Jack Higgins – The Last Place God Made

I jumped on him as he started to get up and found him in better shape than he deserved, but then, I had forgotten that colossal strength of his.Igot a fist under the ribs that almost took my breath away, another in the face and then my hands fastened around his throat.

We turned over and over, tearing at each other like a couple of mad dogs and then there was a deafening explosion that had us rolling apart in an instant.

Mannie stood over us clutching the shotgun, his face very pale. “Enough is enough,” he said. “No more of this stupidity.”

In the silence, I was aware of Avila and hisfriends outside on the terrace peering in, of the anguish on Sister Maria Teresa’s face, of Joanna Martin, watchful and somehow wary, glancing first at Hannah and then at me.

We got to our feet together. “All right, have it your way, Mannie, but I’m still clearing out in the morning.”

“We’ve got a contract.” It was a cry of agony and Hannah swayed, clutching at the table, blood streaming from his nose which, as I discovered later, I had broken with my knee.

I jerked my thumb at the shotgun. “I’ve got one of those too, Sam, remember? Try and stop me leaving in the morn-ing and I’m just liable to use it.”

When I turned and walked out, nobody got in my way.

I changed into dry clothes, climbed into my hammock, hitched a blanket around my shoulders and was almost instantly asleep.

It was growing dark as I ploughed my way back through the hangar. I lit the lamp and poured another whisky. I put my head on my hands and closed my eyes and fireworks sparked off in the darkness. My legs ached, my face ached. I wanted nothing so much as sleep.

I sat up and found Joanna Martin standing at the edge of the hangar looking at me. We stared at each other in silence for quite some time. Finally I said, “Did he send you?”

“If you do this to him he’s finished,” she replied.

“I’d say he’s just about earned it.”

Anger flared up in her suddenly. “Who in the hell do you think you are, Lord God Almighty? Haven’t you ever made a mistake? The guy was desperate. He’s sorry for what he’s done. He’ll make it up to you.”

I said, “What are you supposed to do next? Take me back to bed?”

She turned and walked out. I sat there staring into the dark-ness, listening to the rain and Mannie moved out of the shadows.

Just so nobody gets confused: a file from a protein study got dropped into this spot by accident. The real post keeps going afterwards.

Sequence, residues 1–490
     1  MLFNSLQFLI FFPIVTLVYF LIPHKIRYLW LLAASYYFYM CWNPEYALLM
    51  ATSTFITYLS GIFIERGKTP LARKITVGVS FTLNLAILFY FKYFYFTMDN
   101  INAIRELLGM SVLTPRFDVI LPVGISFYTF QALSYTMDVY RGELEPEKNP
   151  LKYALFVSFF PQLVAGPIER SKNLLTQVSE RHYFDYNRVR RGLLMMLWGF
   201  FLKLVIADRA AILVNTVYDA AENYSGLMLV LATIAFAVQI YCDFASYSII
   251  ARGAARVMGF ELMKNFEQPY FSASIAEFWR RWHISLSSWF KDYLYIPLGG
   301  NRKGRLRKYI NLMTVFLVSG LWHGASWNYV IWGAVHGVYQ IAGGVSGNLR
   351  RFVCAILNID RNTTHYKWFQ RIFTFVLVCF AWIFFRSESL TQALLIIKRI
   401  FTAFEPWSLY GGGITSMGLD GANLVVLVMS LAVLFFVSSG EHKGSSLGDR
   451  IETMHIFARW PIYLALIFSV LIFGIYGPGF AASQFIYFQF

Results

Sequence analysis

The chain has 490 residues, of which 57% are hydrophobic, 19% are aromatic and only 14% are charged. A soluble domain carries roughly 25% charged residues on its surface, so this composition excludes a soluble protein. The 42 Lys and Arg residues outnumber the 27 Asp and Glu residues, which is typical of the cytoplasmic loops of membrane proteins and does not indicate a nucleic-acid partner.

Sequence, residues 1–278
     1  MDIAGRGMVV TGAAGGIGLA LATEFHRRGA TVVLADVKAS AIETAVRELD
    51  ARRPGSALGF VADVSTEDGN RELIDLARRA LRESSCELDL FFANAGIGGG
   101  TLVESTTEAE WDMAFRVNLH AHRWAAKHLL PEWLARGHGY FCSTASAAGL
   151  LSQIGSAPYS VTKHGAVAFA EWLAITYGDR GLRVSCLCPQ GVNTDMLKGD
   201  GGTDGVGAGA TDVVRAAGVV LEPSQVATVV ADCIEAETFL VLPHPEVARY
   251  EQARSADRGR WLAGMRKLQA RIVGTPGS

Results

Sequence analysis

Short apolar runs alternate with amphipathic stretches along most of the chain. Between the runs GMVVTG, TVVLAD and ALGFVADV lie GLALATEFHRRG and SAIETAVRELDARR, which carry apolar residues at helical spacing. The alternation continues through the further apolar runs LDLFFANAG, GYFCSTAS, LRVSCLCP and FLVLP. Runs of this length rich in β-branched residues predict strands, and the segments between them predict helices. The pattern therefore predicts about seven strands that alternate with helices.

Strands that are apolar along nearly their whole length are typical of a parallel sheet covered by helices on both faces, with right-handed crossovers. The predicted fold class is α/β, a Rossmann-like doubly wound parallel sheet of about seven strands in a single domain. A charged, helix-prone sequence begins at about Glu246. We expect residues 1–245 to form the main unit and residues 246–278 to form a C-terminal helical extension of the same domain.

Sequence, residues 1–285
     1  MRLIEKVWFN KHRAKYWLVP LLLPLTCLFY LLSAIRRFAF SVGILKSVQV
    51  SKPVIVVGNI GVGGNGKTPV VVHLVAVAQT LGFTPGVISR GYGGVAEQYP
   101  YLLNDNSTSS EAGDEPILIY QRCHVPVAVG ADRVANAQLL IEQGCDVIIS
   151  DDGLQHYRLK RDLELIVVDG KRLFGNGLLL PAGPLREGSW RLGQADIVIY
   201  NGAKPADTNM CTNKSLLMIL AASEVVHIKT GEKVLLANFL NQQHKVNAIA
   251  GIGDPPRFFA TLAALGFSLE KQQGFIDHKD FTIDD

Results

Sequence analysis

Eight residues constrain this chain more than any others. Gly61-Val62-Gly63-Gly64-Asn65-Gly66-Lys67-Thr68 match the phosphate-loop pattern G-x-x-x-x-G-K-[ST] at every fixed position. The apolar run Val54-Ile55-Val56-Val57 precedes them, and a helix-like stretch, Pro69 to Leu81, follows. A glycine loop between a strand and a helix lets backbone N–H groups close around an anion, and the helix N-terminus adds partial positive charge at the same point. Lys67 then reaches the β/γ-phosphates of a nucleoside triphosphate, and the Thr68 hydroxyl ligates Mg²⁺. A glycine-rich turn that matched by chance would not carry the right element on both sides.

“You too?” I said. “What are you going to do? Tell me some cosy Hassidic story about some saintly old rabbi who always turned the other cheek and smiled gratefully when they spat on him?”

I don’t know whether he’d come with the intention of appeal-ing to me to think again. If he had, then that little speech of mine made him certainly think twice. He simply said, “I think you’re wrong, Neil, taking all the circumstances into account, but it’s your decision,” and he turned and followed Joanna Martin.

By then I not only didn’t give a damn, I was past caring about anything. I was getting out and nothing on this earth was going to stop me. Let that be an end of it.

I changed into dry clothes, climbed into my hammock, hitched a blanket around my shoulders and was almost instantly asleep.

I don’t know what time the rain stopped, but I awakened to a beautiful morning at eight o’clock, having slept for twelve solid hours. I was sore all over and cramp, that occupational disease of pilots, grabbed at my legs as I sat up. My face ached and I peered in the mirror Mannie had fixed to one of the roof posts; I saw that both cheeks were badly swollen and discoloured with bruising.

There was a step behind me and Mannie appeared, wiping his hands on some cotton waste. He was wearing his overalls and there was grease on his face. The Bristol was parked out on the airstrip.

“How do you feel?” he asked.

“Terrible. Is there any coffee?”

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Categories: Higgins, Jack